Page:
Graphene is hot, hot, hot

Graphene: Super hype or next big thing?

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Super substance

The question is becoming what can't graphene do? The material, which is a form of carbon (what’s known as an allotrope of carbon), was recently described by the National Physical Laboratory as having many extraordinary properties including superior mechanical stiffness, strength and elasticity, electrical and thermal conductivity while being optically active, chemically inert and impermeable to gases. The possession of all of these properties in a single material makes graphene a potentially disruptive technology in sectors like optoelectronics, flexible electronics, bioelectric devices, energy storage and ultrafiltration, the lab stated. Indeed, take a look at just some of the recent applications being ascribed to the material.

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Primer

What is graphene?

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Credit: RNGS Reuters
Charting success

The following chart shows the growth of inventions involving the manufacture or application of graphene over the last decade. Includes the top companies or institutions with the most patents for graphene technology. Andre Geim and Konstantin Novoselov at the University of Manchester won the Nobel Prize in Physics in 2010 "for groundbreaking experiments regarding the two-dimensional material graphene."

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The new lightbulb

A company called Graphene Lighting will this year turn on a dimmable grapheme-based light bulb it says will cut energy costs by 10%. The bulb designed at Manchester University in the UK contains a filament-shaped LED coated in graphene. Graphene Lighting PLC is a spin-out based on a strategic partnership with the National Graphene Institute at The University of Manchester to create graphene applications.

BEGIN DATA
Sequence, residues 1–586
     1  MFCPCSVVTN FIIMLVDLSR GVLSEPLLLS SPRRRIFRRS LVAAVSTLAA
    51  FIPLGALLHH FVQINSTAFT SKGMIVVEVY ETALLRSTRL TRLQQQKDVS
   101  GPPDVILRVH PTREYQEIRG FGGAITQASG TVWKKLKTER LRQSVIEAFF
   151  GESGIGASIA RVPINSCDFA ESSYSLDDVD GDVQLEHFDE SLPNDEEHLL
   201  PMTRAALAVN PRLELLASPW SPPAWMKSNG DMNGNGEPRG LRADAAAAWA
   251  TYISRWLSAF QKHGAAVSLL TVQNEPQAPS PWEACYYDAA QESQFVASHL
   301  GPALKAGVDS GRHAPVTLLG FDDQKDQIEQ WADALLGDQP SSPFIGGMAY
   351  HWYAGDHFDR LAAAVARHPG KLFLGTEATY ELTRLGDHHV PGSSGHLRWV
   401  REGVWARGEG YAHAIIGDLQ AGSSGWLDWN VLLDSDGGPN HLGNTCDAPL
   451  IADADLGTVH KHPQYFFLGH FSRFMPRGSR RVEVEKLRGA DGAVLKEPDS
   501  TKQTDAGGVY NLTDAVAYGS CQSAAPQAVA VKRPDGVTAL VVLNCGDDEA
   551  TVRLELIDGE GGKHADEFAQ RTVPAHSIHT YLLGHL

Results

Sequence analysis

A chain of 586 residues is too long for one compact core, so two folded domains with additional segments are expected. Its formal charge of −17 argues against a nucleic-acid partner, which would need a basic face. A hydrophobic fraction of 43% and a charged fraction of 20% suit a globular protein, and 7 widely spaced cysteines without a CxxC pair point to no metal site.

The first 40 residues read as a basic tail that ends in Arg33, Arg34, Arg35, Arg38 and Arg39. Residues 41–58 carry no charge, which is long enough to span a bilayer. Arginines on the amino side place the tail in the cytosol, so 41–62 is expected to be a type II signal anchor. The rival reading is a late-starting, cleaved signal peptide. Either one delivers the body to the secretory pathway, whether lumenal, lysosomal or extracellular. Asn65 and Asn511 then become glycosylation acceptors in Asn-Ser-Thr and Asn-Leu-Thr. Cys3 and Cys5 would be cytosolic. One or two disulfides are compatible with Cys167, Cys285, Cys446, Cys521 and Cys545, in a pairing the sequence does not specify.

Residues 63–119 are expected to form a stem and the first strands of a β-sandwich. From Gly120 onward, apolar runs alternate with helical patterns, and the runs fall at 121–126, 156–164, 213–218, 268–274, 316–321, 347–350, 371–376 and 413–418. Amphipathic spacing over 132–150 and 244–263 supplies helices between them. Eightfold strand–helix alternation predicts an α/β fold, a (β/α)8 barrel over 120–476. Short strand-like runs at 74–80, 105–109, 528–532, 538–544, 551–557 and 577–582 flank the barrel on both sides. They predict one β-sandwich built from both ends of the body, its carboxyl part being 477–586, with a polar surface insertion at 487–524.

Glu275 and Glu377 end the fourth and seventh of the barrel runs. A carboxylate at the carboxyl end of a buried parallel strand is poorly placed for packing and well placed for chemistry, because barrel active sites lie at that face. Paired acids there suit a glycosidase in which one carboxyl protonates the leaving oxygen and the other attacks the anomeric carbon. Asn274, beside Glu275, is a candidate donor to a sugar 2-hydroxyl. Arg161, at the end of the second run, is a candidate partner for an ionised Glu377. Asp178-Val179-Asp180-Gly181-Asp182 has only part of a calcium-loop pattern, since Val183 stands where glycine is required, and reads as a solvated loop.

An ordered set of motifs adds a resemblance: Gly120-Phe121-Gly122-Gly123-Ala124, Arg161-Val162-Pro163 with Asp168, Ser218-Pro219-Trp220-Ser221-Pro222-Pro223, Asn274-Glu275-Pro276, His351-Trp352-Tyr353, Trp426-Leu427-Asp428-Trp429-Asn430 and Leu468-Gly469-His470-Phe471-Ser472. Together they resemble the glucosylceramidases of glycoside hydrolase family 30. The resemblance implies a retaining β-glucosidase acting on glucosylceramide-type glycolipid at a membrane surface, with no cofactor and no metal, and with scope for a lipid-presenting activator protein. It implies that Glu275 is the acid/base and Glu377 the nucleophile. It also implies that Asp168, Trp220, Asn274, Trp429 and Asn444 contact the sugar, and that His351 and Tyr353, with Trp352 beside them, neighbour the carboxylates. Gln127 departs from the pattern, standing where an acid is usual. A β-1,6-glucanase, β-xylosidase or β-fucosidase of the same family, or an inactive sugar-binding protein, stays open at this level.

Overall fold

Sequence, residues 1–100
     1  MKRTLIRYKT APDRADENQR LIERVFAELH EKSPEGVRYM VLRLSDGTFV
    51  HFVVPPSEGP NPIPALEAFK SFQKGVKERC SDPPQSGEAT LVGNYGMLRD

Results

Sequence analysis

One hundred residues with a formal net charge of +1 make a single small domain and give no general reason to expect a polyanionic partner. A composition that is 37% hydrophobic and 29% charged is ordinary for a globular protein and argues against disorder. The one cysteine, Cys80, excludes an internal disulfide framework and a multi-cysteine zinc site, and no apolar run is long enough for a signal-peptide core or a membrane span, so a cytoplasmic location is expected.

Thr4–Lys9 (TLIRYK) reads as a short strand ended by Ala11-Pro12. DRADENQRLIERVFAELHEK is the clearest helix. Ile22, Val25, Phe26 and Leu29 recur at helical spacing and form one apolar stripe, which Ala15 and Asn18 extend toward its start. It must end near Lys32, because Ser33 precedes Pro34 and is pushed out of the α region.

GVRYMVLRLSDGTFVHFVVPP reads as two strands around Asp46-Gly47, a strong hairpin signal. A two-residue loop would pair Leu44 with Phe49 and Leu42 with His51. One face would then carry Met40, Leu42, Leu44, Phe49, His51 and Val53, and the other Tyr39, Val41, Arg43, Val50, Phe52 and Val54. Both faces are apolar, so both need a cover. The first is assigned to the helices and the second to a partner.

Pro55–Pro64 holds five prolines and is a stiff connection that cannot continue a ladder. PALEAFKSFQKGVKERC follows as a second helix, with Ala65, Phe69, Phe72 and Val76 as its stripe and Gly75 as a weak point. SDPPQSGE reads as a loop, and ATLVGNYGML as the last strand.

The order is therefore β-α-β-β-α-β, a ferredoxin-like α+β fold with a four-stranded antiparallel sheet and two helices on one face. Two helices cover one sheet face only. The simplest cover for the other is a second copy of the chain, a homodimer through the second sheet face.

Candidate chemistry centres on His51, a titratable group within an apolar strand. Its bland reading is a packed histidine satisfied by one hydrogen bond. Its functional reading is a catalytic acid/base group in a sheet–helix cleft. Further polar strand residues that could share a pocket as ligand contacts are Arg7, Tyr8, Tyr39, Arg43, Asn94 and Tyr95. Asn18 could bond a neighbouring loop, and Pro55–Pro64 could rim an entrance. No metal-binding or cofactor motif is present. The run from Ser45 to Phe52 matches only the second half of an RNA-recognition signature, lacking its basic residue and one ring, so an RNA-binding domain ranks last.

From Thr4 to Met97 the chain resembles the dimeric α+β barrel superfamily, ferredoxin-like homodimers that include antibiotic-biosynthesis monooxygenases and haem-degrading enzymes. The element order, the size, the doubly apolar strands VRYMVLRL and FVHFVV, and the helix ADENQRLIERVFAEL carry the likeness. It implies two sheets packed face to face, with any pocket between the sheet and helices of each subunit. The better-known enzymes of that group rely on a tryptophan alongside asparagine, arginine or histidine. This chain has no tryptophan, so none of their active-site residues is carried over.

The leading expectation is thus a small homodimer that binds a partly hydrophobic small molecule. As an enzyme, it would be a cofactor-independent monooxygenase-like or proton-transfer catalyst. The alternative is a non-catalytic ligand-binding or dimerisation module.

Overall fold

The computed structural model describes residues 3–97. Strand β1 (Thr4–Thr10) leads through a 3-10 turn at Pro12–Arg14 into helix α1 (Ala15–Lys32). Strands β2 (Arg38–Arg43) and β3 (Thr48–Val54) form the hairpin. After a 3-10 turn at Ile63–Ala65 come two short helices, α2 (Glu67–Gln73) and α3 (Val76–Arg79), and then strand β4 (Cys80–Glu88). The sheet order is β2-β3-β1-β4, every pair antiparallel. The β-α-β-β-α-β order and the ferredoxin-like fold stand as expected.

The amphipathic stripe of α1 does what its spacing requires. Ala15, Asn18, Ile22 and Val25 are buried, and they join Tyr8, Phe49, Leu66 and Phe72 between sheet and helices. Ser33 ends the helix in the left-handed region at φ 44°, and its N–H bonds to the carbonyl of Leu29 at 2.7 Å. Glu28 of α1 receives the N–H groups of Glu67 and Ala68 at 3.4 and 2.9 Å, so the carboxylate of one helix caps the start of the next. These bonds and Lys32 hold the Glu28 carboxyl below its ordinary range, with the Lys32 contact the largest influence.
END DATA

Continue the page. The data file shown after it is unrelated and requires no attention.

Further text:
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Commercialization

Samsung recently claimed it made a breakthrough that could speed up the commercialization of graphene, paving the way for new types of mobile devices, wearable technology and flexible displays. Specifically the company said it worked with Sungkyunkwan University to uncover a new method of growing large area, single crystal wafer scale graphene. Samsung Advanced Institute of Technology said: "The new method synthesises large-area graphene into a single crystal on a semiconductor, maintaining its electric and mechanical properties. In the past, researchers have found that multi-crystal synthesis - the process of synthesising small graphene particles to produce large-area graphene - deteriorated the electric and mechanical properties of the material, limiting its application range and making it difficult to commercialize."

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Water, water everywhere